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Republicans Are Less Critical of Obamacare When Considering Their Own Medical Needs

A study suggests setting aside our political personas allows us to judge Obamacare more objectively.

By Tom Jacobs


(Photo: Spencer Platt/Getty Images)

As Congressional Republicans heatedly debatethebestway to repeal and replace the Affordable Care Act, they all maintain at least one point: that they are following the wishes of the people who elected them. Republican voters, they insist, widely consider Obamacare a failure, and are demanding something different.

Recently published research suggests that assumption is true — but only if citizens are thinking in political/ideological terms. When the issue is framed in a more personal way, Republicans view the law in a more favorable light.

“We know that Democrats are more in favor of the Affordable Care Act than Republicans,” said Oliver James of the University of Exeter, who co-authored the study with Gregg Van Ryzin of Rutgers University. He reports that, when members of the GOP were primed to think in political terms, impartial evidence of the law’s effectiveness did not alter their opinions on the subject.

However, their minds “did change when they thought about the facts in the context of their own health.”

The study, published in the January issue of the Journal of Public Administration Research and Theory, describes research conducted in January of 2015. For the study, 661 Americans were recruited online as part of the CivicPanel project.

After an initial screening, participants were randomly assigned to a “political prime” or a “health care needs prime.” Those in the first group indicated their political ideology and answered a series of questions on their view of the proper role of government.

Those in the second group answered a series of questions about their personal concerns regarding access to and affordability of health care. They indicated how concerned they felt about such topics as “not being able to afford needed prescription drugs, being locked in a job for fear of losing health benefits, and the general fear of losing health insurance coverage.”

Participants then performed one of two tasks designed to indicate their feelings about the ACA. Half of them were presented with four statements about Obamacare’s effectiveness, two of them positive (rates of child vaccination went up in all 50 states) and two negative (the number of adults who went without health care improved in only nine states).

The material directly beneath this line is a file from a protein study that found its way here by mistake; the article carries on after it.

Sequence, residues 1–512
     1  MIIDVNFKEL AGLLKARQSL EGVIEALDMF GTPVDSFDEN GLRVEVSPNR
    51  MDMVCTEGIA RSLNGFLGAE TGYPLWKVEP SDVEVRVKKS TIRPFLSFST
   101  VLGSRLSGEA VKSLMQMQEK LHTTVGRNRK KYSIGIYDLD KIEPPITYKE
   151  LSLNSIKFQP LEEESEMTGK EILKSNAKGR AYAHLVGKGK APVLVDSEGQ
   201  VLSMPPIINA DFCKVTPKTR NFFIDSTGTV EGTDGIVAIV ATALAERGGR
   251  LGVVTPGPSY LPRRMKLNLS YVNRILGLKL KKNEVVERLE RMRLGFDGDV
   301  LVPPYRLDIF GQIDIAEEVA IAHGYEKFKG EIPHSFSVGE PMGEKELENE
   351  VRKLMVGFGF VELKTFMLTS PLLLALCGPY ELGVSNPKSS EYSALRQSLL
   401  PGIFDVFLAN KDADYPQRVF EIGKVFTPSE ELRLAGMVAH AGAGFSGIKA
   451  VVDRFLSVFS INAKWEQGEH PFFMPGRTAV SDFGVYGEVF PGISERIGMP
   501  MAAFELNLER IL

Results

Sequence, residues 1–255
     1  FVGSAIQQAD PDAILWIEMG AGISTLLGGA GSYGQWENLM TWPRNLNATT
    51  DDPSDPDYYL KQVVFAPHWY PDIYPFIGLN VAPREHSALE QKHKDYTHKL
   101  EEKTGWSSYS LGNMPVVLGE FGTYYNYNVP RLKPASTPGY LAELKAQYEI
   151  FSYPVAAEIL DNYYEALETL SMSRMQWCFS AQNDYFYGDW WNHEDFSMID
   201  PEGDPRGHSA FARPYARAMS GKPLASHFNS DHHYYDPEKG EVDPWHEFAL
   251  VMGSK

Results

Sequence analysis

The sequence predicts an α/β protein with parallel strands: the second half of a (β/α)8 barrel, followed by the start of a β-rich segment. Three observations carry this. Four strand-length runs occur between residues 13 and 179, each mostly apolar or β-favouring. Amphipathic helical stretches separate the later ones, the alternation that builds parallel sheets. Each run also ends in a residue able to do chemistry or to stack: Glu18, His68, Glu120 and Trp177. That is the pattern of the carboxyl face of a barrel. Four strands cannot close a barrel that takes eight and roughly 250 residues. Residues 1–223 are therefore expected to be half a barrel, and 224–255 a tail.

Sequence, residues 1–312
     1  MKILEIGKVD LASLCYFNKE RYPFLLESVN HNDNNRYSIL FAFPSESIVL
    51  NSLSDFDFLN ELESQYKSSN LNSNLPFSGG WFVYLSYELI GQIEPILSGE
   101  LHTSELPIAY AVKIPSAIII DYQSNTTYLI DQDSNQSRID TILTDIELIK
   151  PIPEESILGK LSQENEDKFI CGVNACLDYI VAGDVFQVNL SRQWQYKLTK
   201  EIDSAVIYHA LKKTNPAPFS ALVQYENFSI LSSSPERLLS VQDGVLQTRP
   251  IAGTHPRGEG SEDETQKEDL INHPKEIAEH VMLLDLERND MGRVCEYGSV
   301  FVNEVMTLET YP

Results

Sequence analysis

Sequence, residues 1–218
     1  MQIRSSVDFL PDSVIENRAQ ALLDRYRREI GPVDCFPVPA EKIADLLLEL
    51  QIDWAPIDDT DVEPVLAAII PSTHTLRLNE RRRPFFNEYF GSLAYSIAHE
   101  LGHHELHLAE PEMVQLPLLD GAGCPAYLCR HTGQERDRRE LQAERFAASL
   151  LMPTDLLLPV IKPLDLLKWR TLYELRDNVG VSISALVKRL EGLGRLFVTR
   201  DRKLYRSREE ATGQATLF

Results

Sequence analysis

They were asked to rate each statement on a zero-to-10 scale. A zero indicated it provided “very weak evidence” of the law’s effectiveness or ineffectiveness, while a 10 suggested it offered “very strong evidence.” The other participants completed a similar questionnaire using state-level data and bar graphs.

The key result: “The political prime widened the gap between Republicans’ and Democrats’ judgments of the strength of evidence favorable to the ACA, with Republicans rating it as less strong,” the researchers report.

In other words, Republicans were “relatively unwilling to view favorable evidence about the ACA as having much probative value” — but only if they were thinking in political terms. They were significantly more open to accepting such evidence if they were thinking about health care in personal terms.

The results suggest health care would benefit by being “taken out of the realm of partisan conflict.” The researchers suggest a bipartisan commission that comes up with reform ideas could have considerable support.

But the fundamental issue is the lens we happen to be looking through when the subject arises.

Republicans who are in a political frame of mind are tempted to reflexively dismiss claims of ACA success as overhyped, according to this study. But those same Americans can see the act’s pros and cons more clearly and objectively when they assume the role of parent, patient, or caretaker.